Beckham: The Great Unravelling
If you haven’t watched the hilarious footage of David Beckham nearly pulling The Full Cantona on a heckling Los Angeles Galaxy fan, please do so without delay. If the rest of Golden Balls’ truncated MLS season offers this kind of entertainment, perhaps those millions of Philip Anschutz’s dollars will not have died in vain, after all.
My review copy of Grant Wahl’s The Beckham Experiment landed late last week, a little too late to weigh in live on the juicy verbal handbag fight between Beckham and Galaxy teammate/would-be slash-fiction partner Landon Donovan. Still, Wahl’s book is an excellent bit of industrial espionage in the guise of locker-room tell-all. Wahl exposes the grimy details of Major League Soccer’s seamy side: the “developmental” serfs earning less than $13,000 a year, left to live in four-to-a-flat squalor while MLS Commissioner Don Garber yammers on about “the sport of the New America”; the murderous artificial turf and hideous gridiron lines; endless coach-class road trips and flea-bag hotels; inedible pre-game meals; Abel Xavier screaming “THIS IS NOT CORRECT,” my new favorite declaration, any time something failed to meet his standards. Galaxy fans should have chanted “THIS IS NOT CORRECT” every time Xavier shipped a goal.
Not that Wahl set out to write an indictment of MLS—he is an eminently fair reporter and gives the circuit the benefit of the doubt whenever possible. However, l’affaire Beckham simply was/is not the scrappy little league’s finest hour, and Wahl piles up incriminating details of just how and why it all went wrong. In the end, it’s a tale of its time, of the delirious and culturally sick final days of the Economic Bubble. The league, the Galaxy and Beckham himself all sought to leverage the player’s fame and talent through Madoff-esque lies about Beckham’s salary, ticket price gouging, shameless celebrity worship and substance-free marketing glitz. The idea that the man would eventually have to step on to a football pitch as part of a functional collective appears to have been secondary, at best.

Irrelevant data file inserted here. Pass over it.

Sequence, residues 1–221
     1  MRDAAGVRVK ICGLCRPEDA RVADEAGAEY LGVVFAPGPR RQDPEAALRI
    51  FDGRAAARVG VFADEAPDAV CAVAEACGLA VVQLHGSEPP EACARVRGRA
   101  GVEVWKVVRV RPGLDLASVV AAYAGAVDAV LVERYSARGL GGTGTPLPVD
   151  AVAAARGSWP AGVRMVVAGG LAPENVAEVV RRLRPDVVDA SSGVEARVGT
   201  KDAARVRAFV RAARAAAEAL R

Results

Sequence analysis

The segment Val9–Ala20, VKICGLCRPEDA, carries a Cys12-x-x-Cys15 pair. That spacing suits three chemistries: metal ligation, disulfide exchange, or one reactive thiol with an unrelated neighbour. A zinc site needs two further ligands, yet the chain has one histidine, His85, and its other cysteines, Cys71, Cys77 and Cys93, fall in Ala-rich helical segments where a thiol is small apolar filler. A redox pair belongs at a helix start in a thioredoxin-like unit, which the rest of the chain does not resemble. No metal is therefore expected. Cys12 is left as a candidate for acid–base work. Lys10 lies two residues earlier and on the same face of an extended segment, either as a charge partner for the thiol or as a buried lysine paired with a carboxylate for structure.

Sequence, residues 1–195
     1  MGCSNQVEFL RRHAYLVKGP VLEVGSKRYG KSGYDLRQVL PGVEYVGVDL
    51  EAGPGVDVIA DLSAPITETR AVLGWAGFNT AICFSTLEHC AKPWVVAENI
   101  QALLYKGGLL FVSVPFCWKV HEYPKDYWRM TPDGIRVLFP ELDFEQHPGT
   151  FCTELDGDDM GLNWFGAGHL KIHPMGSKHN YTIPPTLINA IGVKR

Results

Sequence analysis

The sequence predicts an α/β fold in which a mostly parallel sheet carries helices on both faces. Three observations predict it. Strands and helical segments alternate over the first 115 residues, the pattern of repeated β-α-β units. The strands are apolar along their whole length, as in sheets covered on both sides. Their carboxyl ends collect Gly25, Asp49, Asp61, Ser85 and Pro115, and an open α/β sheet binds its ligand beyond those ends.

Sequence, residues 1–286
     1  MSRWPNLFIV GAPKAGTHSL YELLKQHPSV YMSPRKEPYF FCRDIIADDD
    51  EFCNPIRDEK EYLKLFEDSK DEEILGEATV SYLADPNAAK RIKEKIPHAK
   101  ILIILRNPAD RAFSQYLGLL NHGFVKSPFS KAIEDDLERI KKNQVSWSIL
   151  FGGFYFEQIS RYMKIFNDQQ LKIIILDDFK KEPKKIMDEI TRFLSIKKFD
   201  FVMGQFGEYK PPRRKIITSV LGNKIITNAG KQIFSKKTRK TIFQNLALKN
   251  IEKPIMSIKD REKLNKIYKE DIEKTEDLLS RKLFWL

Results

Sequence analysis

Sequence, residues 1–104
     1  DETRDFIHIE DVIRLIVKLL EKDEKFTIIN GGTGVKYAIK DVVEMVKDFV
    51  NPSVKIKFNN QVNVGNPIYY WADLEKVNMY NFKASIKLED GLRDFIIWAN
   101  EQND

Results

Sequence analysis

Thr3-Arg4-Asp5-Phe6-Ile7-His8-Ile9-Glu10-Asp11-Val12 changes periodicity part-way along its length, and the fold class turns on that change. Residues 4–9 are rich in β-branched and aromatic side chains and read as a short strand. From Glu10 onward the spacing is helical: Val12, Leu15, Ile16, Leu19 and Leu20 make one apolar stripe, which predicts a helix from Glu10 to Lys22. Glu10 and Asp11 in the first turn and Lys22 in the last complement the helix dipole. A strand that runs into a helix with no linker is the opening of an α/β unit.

Beckham doesn’t fare too badly in Wahl’s account—as a human being. He is portrayed as a hard-working London boy who loves his family and, in the scheme of his phenomenal wealth, remains reasonably grounded. As the engine of a would-be marketing juggernaut and the leader of a sycophantic entourage, however, Beckham becomes a rather empty figure, a man who abetted the gutting of the club he was supposed to save in favor of his own great cash-spinning enterprise. In contrast, the much-maligned Donovan comes off as a smart, earnest young man determined to grow into a leadership role, and work-a-day players like $30,000-a-year man Alan Gordon emerge as true heroes of sport.
Interestingly, amid all the furor over Wahl’s book, Donovan’s knocks on Beckham therein, and the blind rage of the LA fans, those three players—Beckham, Donovan, Gordon—hooked up for a great, flowing open-field goal against AC Milan last night. Given the circumstances, MLS better hope it’s an omen.